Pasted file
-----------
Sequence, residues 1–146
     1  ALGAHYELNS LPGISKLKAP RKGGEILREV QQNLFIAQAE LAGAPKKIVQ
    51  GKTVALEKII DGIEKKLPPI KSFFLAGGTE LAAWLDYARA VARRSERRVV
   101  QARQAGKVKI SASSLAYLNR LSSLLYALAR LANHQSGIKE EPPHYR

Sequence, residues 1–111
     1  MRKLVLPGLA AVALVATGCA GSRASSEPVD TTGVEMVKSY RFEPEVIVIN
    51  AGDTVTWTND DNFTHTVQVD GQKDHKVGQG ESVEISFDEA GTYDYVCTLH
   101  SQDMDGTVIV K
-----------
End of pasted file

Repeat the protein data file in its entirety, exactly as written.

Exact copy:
Sequence, residues 1–146
     1  ALGAHYELNS LPGISKLKAP RKGGEILREV QQNLFIAQAE LAGAPKKIVQ
    51  GKTVALEKII DGIEKKLPPI KSFFLAGGTE LAAWLDYARA VARRSERRVV
   101  QARQAGKVKI SASSLAYLNR LSSLLYALAR LANHQSGIKE EPPHYR

Sequence, residues 1–111
     1  MRKLVLPGLA AVALVATGCA GSRASSEPVD TTGVEMVKSY RFEPEVIVIN
    51  AGDTVTWTND DNFTHTVQVD GQKDHKVGQG ESVEISFDEA GTYDYVCTLH
   101  SQDMDGTVIV K